British festivals are to be dragged into the digital age this summer with the arrival of wristbands that will allow fans to enter music events and even buy drinks with a swipe of their arm.
Microchipped wristbands have been used in North America for several years and this summer will see them arrive on these shores. The manufacturers believe they will cut queuing, clamp down on fraud and even allow users to update their Facebook pages. Yet, regular festival goers have raised concerns over use of the “Big Brother” technology.
The organisers are remaining tight lipped about which festivals are set to pioneer the use of the technology in Britain, although it is understood one major event will announce on Tuesday as the first “fully contactless” festival in the UK.
Michael Eavis, the founder of Glastonbury, is considering using the technology at the festival next year, saying it seemed like “an incredible system”.
The wristband will include a microchip that will know the identity of the wearer and where they are on the festival site at all times as they move between “checkpoint zones”.
The chip uses technology that works similarly to an Oyster card. Some of the more advanced technology will allow punters to load up money and pay for their drinks.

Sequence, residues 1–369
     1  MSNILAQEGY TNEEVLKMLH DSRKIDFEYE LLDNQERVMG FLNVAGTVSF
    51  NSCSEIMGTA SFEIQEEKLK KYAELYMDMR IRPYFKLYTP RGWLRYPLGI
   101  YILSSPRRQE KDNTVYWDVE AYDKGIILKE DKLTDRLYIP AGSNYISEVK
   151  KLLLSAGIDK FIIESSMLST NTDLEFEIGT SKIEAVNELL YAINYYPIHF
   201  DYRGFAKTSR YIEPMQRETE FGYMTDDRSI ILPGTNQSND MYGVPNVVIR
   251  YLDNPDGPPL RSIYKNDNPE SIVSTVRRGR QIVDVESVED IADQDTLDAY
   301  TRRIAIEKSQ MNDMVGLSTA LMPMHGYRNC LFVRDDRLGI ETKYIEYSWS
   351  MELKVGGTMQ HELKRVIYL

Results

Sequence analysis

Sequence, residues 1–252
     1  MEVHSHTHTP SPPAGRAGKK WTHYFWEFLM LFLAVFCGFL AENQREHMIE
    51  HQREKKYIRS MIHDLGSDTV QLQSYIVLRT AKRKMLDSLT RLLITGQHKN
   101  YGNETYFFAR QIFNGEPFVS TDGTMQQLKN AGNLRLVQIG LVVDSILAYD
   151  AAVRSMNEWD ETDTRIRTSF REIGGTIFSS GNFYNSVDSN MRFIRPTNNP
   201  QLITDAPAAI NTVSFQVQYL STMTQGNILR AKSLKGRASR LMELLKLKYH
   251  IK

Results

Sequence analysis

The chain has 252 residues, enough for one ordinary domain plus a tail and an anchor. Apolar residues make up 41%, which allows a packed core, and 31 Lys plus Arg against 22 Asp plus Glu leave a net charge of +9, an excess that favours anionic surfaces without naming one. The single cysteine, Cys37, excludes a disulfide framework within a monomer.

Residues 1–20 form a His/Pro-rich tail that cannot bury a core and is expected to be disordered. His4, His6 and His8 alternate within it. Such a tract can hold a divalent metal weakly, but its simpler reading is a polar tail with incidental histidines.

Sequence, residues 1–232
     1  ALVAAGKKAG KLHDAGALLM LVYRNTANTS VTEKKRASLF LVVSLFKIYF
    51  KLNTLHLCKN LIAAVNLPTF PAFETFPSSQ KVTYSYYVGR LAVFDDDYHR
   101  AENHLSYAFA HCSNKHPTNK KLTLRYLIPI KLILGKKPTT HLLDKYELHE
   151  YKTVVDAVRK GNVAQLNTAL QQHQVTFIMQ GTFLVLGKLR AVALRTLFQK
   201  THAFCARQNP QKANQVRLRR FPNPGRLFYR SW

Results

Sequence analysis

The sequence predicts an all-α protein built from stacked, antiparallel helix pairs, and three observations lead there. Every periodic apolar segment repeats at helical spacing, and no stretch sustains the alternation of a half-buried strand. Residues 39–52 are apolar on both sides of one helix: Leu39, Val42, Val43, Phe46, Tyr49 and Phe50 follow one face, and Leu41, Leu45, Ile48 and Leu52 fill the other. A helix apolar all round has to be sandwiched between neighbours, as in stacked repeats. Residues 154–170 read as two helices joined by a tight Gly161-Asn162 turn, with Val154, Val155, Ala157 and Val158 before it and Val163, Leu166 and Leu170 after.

Robert Langford, finance director of Solo Promoters, said: “It is a good fit for festivals. It can clamp down on counterfeiting and provide reliable audience counts, and people won’t have to carry huge amounts of cash. Everyone is really interested in contactless. It has been a big hit in the US and will follow in Europe.”
The microchip has been developed by a company called Intellitix, which has opened in the UK after securing a series of deals for its technology in North America. Others are working on similar kit.
Last year, over 1 million microchip wristbands were activated in North America at festivals including Lollapalooza in Chicago and Coachella in southern California. The first appearance in Europe was in The Netherlands at the Eurosonic Noorderslaag event.
Ruud Berends, organiser of the Eurosonic event said they brought the technology in as it allowed them to “reduce queuing times, gauge exactly how popular each band is, and to provide a range of interactive services for our delegates”.
Yet fears have been raised over the invasion of privacy over users having their data collected throughout their time at the festival. Mr Eavis admitted that it could make the festivals too commercial adding he “wouldn’t be happy” about using information about people.
Jon Midlane, 32 from London, a Glastonbury veteran who has been at the festival eight times, said: “At its most basic level it would make the festival easier, but on every other level I hate the idea; it is almost the antithesis of what a festival is about.”
He continued: “It smacks of consumerism, marketing and data collection. That is not why you want to go to festivals. I would find it bizarre as it seems a bit like a prison tag, a way of keeping tabs on people.”
Serge Grimaux of Intellitix said fans can “decide to stay anonymous at all times” adding: “The technology collects far less information than credit card companies and supermarkets do.”